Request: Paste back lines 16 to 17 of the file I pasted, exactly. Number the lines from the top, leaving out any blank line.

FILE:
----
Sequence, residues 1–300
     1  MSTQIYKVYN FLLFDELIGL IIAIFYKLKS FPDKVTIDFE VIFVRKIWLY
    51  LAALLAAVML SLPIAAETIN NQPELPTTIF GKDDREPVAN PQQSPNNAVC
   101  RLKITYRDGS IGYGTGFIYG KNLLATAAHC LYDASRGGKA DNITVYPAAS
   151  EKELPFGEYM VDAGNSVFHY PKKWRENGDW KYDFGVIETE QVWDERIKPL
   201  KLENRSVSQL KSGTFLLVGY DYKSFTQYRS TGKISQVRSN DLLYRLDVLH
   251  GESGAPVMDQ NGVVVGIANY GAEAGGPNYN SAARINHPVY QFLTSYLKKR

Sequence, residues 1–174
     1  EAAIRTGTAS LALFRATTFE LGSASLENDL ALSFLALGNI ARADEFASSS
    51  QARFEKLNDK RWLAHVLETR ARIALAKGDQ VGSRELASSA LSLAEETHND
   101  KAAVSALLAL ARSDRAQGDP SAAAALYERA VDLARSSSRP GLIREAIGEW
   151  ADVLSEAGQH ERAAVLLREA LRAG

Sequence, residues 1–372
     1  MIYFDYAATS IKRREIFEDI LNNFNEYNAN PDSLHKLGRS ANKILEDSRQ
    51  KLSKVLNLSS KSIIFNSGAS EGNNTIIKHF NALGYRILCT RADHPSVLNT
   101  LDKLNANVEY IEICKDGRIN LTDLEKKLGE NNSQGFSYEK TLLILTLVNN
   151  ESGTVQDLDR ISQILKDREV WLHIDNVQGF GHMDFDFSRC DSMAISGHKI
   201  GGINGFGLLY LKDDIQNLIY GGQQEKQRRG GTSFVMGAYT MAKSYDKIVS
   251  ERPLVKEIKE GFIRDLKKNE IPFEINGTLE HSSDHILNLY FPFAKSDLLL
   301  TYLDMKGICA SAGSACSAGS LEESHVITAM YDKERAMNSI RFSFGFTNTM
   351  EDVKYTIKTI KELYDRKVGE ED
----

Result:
   101  LDKLNANVEY IEICKDGRIN LTDLEKKLGE NNSQGFSYEK TLLILTLVNN
   151  ESGTVQDLDR ISQILKDREV WLHIDNVQGF GHMDFDFSRC DSMAISGHKI